After an artillery battle and some lively skirmishing, an advance was made in the direction of Bacoor, and it developed into the hardest fight since the hostilities with the Filipinos began.

The main work was the direct attack on Zapote Bridge. Kenley's Battery of four mountain guns and two 3-inch guns, with Company E of the 14th Inf. as support, advanced straight along the road to the bridge. The other companies of the 14th Regiment moved forward to the right and left of the road.


Photo by Darcey.

INSURGENT TRENCHES AT MALINTA. The rebels had dug enormous trenches along the Bacoor side of the river and had burned the planking in the middle of the bridge to prevent the Americans from crossing and taking their positions. Our men pushed steadily forward until they reached the bank of the river. Then Kenley took his mountain guns right up to the bridge and poured a heavy fire into the trenches, but they were so well constructed that it was impossible to damage them greatly. So close were we to the enemy that we could see their heads above the earthworks. Gen. Lawton told the writer that the Filipinos here made the bravest defense he had ever seen. Our artillery was within thirty-five yards of their trenches.

A tremendous fire was set up in spite of the galling return. It was not long before the rebels began to grow restive under the hail of bullets that was being poured into them, and finally they broke and ran. That part of our army in front of the Filipino trenches then ran along the bank of the river, and standing upright, directed a terrible fire upon the fugitives. The 14th Inf. swam across the river and found many Filipinos dead and dying in the trenches and fields. Probably fifty dead natives were found in the vicinity of the bridge.

The rebels had a second line of trenches half a mile away. Half an hour after the retreat from the first line, firing was re-opened from this second line. Fresh troops were hurried forward to relieve the tired men who had captured the first line, and a heavy fire was opened on the enemy, who responded only for a short time and then fled. Gen. Wheaton was slightly hurt by falling from his horse. Gen. Ovenshine commanded the attack on the bridge. Gen. Lawton personally directed the movement. The latter was a conspicuous mark for the enemy. He is a big man and his uniform and his white helmet could be easily distinguished for a great distance, but he went up and down the line unscathed.

Ensign Davis of the Helena came ashore with a Colt rapid-fire gun and saw lively service. He captured a Filipino cannon, which had been placed below the bridge, and found a supply of canister shot and brown powder.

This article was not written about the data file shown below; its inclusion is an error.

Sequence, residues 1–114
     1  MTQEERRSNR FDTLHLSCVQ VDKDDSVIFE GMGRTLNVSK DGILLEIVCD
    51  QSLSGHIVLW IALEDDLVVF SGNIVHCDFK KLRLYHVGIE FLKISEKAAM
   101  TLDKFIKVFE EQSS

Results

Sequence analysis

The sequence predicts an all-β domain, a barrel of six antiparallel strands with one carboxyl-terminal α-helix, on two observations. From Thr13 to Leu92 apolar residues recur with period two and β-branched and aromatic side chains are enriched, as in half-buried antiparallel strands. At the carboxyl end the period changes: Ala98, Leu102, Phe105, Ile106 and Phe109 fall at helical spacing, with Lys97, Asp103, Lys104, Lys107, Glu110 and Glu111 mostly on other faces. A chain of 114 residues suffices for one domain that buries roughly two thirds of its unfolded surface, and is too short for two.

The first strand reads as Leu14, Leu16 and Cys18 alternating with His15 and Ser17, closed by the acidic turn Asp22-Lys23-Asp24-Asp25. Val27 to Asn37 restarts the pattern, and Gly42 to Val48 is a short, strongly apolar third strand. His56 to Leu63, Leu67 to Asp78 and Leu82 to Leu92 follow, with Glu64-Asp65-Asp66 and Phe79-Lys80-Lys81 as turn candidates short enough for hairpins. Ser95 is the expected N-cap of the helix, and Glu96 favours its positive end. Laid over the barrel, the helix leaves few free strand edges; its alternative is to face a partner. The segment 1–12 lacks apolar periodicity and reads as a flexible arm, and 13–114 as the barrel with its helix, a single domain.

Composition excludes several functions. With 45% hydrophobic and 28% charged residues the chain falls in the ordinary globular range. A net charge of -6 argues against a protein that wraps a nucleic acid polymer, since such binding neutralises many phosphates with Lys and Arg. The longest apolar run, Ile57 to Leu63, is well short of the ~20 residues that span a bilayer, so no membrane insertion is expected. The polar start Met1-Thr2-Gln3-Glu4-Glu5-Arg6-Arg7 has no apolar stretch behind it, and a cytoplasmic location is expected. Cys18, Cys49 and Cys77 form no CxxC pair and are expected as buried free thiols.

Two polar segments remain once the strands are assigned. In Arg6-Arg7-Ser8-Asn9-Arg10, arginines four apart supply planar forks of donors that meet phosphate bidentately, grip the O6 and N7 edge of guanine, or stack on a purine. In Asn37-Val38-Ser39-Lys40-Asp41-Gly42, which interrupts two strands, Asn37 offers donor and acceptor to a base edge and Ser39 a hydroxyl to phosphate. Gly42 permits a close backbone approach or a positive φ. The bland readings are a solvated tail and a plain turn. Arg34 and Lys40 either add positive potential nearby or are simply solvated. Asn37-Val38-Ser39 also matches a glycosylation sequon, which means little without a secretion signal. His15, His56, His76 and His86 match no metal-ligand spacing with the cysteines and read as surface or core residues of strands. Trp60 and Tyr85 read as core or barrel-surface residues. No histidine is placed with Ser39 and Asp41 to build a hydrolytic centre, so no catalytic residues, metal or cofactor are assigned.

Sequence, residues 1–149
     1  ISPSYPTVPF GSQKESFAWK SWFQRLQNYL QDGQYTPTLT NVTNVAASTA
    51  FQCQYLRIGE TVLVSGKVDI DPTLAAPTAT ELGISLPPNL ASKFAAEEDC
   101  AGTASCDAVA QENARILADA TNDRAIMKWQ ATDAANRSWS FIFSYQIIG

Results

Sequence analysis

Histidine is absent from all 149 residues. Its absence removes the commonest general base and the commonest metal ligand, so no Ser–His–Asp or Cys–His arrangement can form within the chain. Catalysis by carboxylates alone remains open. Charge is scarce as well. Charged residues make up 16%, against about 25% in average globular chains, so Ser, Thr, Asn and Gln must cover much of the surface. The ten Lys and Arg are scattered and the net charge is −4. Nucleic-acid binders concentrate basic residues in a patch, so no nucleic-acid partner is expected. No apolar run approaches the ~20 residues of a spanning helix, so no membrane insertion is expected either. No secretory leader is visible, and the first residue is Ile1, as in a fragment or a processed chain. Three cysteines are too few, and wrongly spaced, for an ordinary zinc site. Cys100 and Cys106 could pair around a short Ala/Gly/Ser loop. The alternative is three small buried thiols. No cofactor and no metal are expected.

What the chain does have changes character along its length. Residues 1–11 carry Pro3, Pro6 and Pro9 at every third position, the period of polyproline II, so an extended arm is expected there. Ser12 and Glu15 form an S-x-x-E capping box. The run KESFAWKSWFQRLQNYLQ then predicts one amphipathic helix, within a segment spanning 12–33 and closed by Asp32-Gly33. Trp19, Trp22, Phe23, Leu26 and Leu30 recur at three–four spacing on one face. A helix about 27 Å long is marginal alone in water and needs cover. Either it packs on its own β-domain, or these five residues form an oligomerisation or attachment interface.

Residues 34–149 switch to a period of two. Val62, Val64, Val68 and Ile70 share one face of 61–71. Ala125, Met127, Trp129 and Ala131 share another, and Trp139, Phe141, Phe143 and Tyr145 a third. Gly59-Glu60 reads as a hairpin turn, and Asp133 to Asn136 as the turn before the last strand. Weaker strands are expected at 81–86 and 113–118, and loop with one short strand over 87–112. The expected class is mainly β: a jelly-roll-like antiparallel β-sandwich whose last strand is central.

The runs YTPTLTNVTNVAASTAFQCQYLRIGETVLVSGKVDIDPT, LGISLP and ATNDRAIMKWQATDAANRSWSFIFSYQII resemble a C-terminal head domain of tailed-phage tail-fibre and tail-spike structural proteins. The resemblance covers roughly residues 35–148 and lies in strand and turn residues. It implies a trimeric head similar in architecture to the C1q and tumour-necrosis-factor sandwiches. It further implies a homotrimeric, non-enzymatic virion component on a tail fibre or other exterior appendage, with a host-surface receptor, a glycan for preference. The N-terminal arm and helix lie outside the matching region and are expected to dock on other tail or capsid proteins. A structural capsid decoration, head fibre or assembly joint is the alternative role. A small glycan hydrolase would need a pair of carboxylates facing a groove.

Almost at the same time the 9th and 12th crossed a bar of the bay and came upon their left flank at a point where a body of marines, with Maxim guns, landed under protection of the ships' batteries and fired upon the enemy's left rear with a demoralizing effect. The 21st crossed the river by a bridge as soon as it could be mended. Sixty-five Filipinos were found dead in the trenches, most of them shot through the head. Several five-inch smooth bore guns were captured, with ammunition marked “United States Navy.” After crossing the river, the troops were withdrawn, with the exception of the 9th and 21st, these regiments being left with four guns to guard the bridge.

As they were being formed into companies, the insurgents commenced to fire volleys from the bamboo jungle three hundred yards away. The regiments formed into line coolly, though under fire, rushed to the woods, driving the enemy a mile away, the Filipinos disputing every foot. The 14th camped across the river, the men caring for many of the Filipino wounded. Eight prisoners were captured. The majority of the Filipinos wore red uniforms. The American loss in the fighting of the 13th, was nine killed and thirty wounded. The Filipino loss was heavy.

After the engagement of the 13th, the Filipinos retreated to the strongly fortified town of Imus. The shelling of our warships drove the rebels from Bacoor. The Americans by these operations gained control of several miles of the coast, while the long line of entrenchments facing our south line had been cleared.

On the 14th, Gen. Lawton and his staff, and a troop of the 4th Cav., started to ascertain the nature of the insurgent's position. He rode five miles along the coast to Bacoor, without discovering the enemy. He found the town full of white flags, but there were no soldiers there. The women and children who had fled to the woods during the bombardment were camping in the ruins of their homes. The shells had knocked the town to pieces. The big church was wrecked and many buildings were ruined. Even trees and shrubbery were torn as if by a hailstorm.

Several hundred women and children came into the American lines for refuge, and the road from Bacoor was covered all day with natives on foot and in carts, driving animals and carrying goods on their heads. The appearances of the battlefield testified to the fierceness of the fighting. The trees along the river were almost torn down by bullets. The American officers estimate that one hnndred insurgents were killed and three hundred wounded during the engagement.


Services at Battery Knoll over the remains of three soldiers, Privates in the Kansas, Washington and

12th Infantry. This made a total of 264 men buried in this place to date, June 2, 1899. All day many hungry Filipinos were fed at Paranaque and Las Pinas. The first issue of rations that morning consisted of rice and canned roast beef. Some of the beef issued was spoiled. On the 18th a strong reconnaissance had been made south of Noveleta. It was reported that a strong force of insurgents was at San Francisco de Malabon. Gen. Wheaton started a reconnaissance toward Perez Dasmarinas also. The country to the south of Imus had not been scouted. The rebels were reported to be concentrated at Perez Dasmarinas.

· June 18th, our troops having occupied Imus, and the enemy threatening an attack from Dasmarinas eight miles north, Gen. Wheaton was sent by the Department Commander to assume, under Gen. Lawton, command of the troops at Imus. On the morning of the 19th, a battalion of the 4th Inf. and one gun, under Maj. John W. Bubb, was sent on the road from Imus in the direction of Dasmarinas to